- Public hearings before Planning Commission, County Board
- First coordinated development of Area Plan, Parks Master Plan
- Long-term vision for Four Mile Run Valley area
- Conceptual plan for Jennie Dean Park
The Arlington County Board has set public hearings in May and consider adoption of the draft Four Mile Run Valley Policy Framework. The framework highlights the overall vision and conceptual plans for the area, and identifies the policy-related actions needed to realize the vision.
“Since 2016, our Four Mile Run Valley Working Group of residents and stakeholders has shaped, along with staff and the broader community, a long-range vision and the plans and actions needed to realize that vision for Four Mile Run Valley,” Arlington County Board Chair Katie Cristol said. “We know that there are still some concerns about the draft framework, and look forward to hearing from the public at the public hearings in May. With this Request to Authorize, the County Board invites public comments on the draft framework between now and May.
The Board voted unanimously at its Tuesday, April 24, 2018 meeting to advertise a May 7, 2018 public hearing before the Planning Commission, and to hold a Board hearing and consider adoption of the draft Four Mile Run Valley Policy Framework on May 19, 2018.
About the Four Mile Run Valley process
A comprehensive planning effort has tied together an Area Plan for the mostly industrial area south of Four Mile Run Drive and east of Shirlington Road; a Park Master Plan for Jennie Dean Park, Shirlington Park and the Shirlington Dog Park and the ongoing design of the Nauck Town Square.
This is the first Area Plan and Parks Master Plan developed together in a coordinated manner by the County. The approach allowed for community discussion of a long-term vision for the whole Four Mile Run Valley area, including retaining industrial buildings and uses; opportunities for arts-related uses; identification of concept-level park, recreation and open space improvements through a master planning process, and balancing goals for improved parks, recreation, open spaces and community facilities with goals for private ownership and development.
The framework is a precursor to the development and adoption later this year of an Area Plan and Parks Master Plan.
The draft framework summarizes the planning process and briefly reviews existing conditions. It also synthesizes the common themes, guiding principles, vision statement and conceptual drawings that illustrate the future of the Four Mile Run Valley area. Policy guidance, essential to fulfilling the vision, are included and outline potential environmental, land use, open space and transportation actions to be taken over time to institute the changes sought for the area.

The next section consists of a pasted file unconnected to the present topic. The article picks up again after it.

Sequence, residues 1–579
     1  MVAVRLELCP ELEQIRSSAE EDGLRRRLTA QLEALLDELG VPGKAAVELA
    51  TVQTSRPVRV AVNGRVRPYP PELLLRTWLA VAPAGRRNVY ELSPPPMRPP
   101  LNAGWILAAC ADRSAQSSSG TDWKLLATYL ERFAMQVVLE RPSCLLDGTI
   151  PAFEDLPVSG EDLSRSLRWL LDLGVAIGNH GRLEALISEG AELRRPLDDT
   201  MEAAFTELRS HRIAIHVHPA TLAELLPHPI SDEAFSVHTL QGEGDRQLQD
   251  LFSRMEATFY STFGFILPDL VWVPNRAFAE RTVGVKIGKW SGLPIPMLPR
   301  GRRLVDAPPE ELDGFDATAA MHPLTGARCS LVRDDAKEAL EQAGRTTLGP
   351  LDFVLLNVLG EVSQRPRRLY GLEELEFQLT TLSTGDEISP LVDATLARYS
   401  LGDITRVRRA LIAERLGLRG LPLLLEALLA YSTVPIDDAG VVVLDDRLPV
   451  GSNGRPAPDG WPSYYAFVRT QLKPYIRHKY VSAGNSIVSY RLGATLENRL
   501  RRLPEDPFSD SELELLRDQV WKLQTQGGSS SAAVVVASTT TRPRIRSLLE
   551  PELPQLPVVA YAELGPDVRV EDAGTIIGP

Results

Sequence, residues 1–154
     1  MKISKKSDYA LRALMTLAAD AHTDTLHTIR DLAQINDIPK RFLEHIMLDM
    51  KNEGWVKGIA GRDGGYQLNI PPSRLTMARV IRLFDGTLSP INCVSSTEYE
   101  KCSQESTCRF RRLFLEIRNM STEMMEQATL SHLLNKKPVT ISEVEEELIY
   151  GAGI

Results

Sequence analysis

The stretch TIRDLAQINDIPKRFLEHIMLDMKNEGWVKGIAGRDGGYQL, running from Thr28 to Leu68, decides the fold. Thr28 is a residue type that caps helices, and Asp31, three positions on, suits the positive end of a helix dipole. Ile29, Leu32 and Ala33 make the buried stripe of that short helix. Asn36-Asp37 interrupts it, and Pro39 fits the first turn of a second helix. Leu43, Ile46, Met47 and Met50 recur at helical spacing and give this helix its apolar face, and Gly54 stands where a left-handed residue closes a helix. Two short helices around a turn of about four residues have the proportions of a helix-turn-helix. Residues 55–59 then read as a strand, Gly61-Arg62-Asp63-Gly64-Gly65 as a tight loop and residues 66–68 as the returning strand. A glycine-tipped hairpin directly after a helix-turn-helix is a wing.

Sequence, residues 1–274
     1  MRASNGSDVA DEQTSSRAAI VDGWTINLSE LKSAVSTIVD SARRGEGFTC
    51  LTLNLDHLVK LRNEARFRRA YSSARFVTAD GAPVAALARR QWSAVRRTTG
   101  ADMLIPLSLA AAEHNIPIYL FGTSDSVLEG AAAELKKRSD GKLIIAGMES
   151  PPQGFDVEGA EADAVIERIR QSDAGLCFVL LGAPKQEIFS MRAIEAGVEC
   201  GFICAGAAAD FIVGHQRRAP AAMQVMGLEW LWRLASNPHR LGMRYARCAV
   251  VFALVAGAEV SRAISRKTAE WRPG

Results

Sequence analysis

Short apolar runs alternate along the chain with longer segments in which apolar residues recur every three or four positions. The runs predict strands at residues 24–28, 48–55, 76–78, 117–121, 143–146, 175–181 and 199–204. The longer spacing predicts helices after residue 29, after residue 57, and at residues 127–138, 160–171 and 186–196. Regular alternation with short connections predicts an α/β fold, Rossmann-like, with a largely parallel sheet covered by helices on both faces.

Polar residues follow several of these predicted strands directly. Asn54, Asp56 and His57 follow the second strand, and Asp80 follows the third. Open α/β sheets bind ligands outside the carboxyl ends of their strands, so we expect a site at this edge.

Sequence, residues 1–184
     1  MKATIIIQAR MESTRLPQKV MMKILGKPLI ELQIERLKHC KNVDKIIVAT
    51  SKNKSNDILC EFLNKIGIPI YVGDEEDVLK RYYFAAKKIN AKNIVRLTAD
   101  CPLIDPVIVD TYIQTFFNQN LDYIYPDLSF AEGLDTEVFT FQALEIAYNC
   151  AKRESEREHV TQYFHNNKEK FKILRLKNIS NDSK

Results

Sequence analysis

The area studied focuses around the Four Mile Run stream and a floodplain that is bounded by Interstate 395 to the east, Arlington Mill Drive to the south, Barcroft Park to the west and Four Mile Run Drive to the north. Much of the area is zoned for industrial uses, and there are warehouses, catering, a brewery and a concrete plant within the study area. There also are many properties used for commercial services, such as auto repair and pet services. It is one of the last remaining contiguous areas planned and zoned for industrial uses in the County.
The Parks Master Plan study area included Jennie Dean Park, Shirlington Park and Shirlington Dog Park, Arlington’s largest dog park. However, in a May 2017 work session, the County determined that no new concept should be developed for Shirlington Dog Park.
From the beginning of the process, public engagement included bi-monthly meetings with the Board-appointed Four Mile Run Valley Working Group, which included representatives from the three neighboring civic associations, property and business owners, area non-profit organizations, advisory boards, and commissions. The group met more than 30 times to review and comment on staff and consultant analysis, preliminary concepts and the draft Policy Framework.
Staff also held a community forum, a community open house, check-ins and review sessions with the three nearby civic associations upon request. There were a dozen sessions with civic associations, advisory boards and commissions to review the draft Policy Framework. The framework was posted online, and more than 200 comments were received. The County Board held two work sessions as the planning effort progressed, one in May 2017 and another in February 2018.
View documents related to the Four Mile Run Valley planning process.
To read the staff report and the advertisement approved by the County Board, visit the County website. Scroll to Item No. 49 on the agenda for the Saturday, April 21, 2018 Regular County Board Meeting.
Learn more about: